As a result of this progress, Xeraya is close to sealing a deal with a company in the business of developing first-in-class types of products.

Investments with an Asian twist

Many of the companies Xeraya invests in are located in the US. This is simply due to the fact that the country has one of the most developed ecosystems when it comes to the life science business.

“We have a few investments in Europe, but most are in the US. However, we take advantage of our Asian network as we have to add value to the portfolio companies and ensure that there is an Asian aspect to it,” says Fares.

“People are also looking at how we take advantage of Asia because whether we like it or not, there are billions of people here. Asia will have to deal with the challenge of a [growing] ageing population. The rising disposable income is also growing faster in this part of the world than it is in developed countries. The big companies themselves have a business model to see how they can capture the Asian market.”

One of Xeraya’s portfolio companies, San Francisco-headquartered InterVenn Biosciences, is an example of East meets West. The biotech company is developing cancer diagnostics using AI and next-generation mass spectrometry technique. It also employs deep learning to augment cancer diagnosis, biomarkers and target discovery. It has subsidiaries in Kuala Lumpur and Manila to foster biotechnology and drive AI adoption.

Mass spectrometry has been the primary analytical tool used in bioscience and medical research. InterVenn uses the tool to measure glycoproteomic markers that have been strongly linked to tumour development and progression.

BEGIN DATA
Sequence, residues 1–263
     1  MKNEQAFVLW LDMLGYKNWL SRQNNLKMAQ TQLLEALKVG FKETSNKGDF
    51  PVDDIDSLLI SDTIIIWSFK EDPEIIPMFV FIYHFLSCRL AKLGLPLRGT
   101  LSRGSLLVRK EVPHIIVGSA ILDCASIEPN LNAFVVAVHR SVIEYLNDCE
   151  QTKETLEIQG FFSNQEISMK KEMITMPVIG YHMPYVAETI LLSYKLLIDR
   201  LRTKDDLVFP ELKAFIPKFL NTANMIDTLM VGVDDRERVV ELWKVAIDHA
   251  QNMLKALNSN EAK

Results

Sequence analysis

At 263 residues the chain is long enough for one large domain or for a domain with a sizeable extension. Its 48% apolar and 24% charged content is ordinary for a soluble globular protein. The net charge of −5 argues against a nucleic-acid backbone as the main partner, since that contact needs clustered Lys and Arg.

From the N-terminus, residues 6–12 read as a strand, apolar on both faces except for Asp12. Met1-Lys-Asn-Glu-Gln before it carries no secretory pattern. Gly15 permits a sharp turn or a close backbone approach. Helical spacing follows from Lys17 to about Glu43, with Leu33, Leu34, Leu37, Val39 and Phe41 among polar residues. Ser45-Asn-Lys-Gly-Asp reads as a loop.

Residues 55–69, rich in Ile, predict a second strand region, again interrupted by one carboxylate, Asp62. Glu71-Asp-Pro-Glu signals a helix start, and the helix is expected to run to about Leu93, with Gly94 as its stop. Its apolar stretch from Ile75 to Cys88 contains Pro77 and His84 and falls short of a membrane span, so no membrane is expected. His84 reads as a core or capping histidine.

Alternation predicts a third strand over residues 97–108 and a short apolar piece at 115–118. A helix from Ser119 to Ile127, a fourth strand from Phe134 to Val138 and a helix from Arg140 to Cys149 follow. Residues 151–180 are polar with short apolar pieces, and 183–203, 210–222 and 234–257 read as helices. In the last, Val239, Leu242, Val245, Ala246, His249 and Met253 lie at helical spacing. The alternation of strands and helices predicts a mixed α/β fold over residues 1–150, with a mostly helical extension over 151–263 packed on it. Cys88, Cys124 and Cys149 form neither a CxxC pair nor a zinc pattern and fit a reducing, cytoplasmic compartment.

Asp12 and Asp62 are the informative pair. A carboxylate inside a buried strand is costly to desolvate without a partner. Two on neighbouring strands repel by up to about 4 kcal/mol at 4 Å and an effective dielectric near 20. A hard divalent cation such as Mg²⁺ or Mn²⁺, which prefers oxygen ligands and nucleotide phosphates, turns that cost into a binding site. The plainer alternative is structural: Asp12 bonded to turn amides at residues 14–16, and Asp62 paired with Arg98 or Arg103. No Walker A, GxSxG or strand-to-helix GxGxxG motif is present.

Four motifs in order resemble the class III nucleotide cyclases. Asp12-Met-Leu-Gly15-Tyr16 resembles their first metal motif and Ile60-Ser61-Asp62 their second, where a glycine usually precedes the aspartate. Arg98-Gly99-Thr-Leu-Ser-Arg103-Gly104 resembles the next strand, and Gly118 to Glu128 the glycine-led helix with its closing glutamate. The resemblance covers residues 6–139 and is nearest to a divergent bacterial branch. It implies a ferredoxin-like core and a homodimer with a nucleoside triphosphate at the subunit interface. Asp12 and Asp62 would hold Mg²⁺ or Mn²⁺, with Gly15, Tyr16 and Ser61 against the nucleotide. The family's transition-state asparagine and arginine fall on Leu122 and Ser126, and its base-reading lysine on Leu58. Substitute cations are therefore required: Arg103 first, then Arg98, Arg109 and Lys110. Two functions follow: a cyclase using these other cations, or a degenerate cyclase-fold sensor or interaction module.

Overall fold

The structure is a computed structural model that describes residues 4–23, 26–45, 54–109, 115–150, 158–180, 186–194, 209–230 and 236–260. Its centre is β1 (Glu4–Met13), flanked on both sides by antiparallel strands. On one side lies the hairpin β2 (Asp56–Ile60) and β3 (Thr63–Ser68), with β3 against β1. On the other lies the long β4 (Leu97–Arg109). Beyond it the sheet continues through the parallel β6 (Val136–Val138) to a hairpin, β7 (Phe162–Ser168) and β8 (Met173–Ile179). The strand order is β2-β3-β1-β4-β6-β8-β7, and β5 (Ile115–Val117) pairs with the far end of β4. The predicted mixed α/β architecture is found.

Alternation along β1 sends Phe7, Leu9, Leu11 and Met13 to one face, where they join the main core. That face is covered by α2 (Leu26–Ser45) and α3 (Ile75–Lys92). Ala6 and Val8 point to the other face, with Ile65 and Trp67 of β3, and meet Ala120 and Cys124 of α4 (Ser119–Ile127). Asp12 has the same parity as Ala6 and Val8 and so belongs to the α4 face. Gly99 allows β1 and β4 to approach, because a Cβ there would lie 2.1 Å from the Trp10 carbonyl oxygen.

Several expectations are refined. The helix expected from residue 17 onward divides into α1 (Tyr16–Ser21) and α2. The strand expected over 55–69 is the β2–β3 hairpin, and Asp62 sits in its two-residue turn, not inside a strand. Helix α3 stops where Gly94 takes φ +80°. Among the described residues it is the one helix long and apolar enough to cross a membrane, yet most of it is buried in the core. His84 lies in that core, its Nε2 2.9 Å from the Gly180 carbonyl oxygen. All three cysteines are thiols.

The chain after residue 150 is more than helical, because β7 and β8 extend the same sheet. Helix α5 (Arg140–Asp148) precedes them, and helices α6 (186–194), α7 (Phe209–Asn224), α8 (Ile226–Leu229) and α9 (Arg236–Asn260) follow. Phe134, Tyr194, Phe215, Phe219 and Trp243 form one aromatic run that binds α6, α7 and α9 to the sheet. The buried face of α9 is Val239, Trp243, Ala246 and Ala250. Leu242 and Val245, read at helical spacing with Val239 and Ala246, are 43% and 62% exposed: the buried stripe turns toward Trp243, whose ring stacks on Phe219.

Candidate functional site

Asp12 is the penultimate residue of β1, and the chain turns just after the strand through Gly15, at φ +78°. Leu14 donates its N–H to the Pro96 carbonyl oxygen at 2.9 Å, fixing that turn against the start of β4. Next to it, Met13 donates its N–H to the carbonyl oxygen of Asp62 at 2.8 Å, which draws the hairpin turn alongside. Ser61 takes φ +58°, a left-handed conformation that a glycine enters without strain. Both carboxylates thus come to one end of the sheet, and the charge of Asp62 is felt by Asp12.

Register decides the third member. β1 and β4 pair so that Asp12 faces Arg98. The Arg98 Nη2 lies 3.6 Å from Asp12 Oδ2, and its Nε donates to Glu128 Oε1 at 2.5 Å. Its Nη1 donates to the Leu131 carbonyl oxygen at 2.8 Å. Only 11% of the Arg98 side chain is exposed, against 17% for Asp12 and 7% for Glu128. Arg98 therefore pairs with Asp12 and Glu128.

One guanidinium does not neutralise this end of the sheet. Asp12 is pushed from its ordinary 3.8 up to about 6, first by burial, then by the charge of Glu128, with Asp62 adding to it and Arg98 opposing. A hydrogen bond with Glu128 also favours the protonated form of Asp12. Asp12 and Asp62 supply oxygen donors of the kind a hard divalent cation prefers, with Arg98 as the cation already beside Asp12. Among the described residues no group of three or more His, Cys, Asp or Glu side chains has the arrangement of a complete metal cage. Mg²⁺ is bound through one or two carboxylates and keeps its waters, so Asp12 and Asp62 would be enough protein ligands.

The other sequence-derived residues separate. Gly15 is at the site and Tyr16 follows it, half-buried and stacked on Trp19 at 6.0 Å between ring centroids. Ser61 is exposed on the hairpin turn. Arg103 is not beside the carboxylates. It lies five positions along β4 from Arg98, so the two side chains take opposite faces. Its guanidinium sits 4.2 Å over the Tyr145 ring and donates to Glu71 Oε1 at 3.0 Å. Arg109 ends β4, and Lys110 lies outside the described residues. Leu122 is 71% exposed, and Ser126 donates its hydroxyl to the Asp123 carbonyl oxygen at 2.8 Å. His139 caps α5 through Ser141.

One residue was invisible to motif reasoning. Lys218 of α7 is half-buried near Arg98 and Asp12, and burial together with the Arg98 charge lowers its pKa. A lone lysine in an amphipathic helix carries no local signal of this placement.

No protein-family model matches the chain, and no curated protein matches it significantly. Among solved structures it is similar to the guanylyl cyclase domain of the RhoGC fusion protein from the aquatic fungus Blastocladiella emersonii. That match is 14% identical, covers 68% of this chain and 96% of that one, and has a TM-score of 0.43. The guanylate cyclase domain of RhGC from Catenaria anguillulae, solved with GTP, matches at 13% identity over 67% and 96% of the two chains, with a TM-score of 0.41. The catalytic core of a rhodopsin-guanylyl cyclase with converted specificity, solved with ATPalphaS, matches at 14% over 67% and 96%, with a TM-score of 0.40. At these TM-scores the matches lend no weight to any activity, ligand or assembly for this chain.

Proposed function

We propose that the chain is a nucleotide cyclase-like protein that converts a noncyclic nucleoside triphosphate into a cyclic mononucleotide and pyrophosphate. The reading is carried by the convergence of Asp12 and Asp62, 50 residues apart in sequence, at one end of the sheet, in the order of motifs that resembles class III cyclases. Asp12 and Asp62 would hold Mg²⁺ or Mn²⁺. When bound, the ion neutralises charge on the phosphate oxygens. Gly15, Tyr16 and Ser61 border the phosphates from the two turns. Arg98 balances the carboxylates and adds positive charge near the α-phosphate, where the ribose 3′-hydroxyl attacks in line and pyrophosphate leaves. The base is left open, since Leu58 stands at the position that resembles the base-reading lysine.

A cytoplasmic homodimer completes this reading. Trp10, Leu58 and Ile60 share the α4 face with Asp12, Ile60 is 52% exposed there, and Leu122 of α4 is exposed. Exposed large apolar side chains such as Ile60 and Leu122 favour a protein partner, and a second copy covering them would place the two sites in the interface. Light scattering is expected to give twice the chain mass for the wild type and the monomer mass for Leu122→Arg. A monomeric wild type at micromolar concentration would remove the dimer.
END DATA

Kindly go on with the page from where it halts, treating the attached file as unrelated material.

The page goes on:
“We do not need to have different technologies for different markets. What we do is look at the core of the technology and fit it to what works best for Asia. InterVenn, for example, does trials in the US, Malaysia and the Philippines,” says Fares.

“The CEO of InterVenn [Aldo Carrascoso] is a Filipino tech maven, who comes to work in a hoodie. It is very much like any other start-up, really.”

Cancer treatments and drugs aside, medical technology is another favourite of investors in the life sciences circle.

“In the last decade, we have seen impressive advances in robotics and improved imaging. In those kinds of base technologies, we look at how it can be helpful in identifying solid tumours and cardiovascular diseases as well. But the trend going forward will be a combination of AI-enabled technology that links up with robotics and imaging to make the device more effective,” says Fares.

“The other combination is improving on tools that spot the problem and fix it at the same time. We have invested in a company called ViewRay Technologies, Inc. It combines MRI imaging with radiation therapy.

“The current practice, if you have a solid tumour, is you would go to the physician to do a scan to locate the tumour and have few more scans after that to relatively treat it. But you cannot do so many of those CT scans because all that radiation is harmful.

“With this technology, because it is MRI, you can do it without doing much harm to the person. And with MRI, you can take many pictures at the same time that it becomes like a video. What happens is that you see and zap the tumour at the same time. It is very accurate because the physician can see it and be comfortable in giving as much radiation as needed to kill the tumour.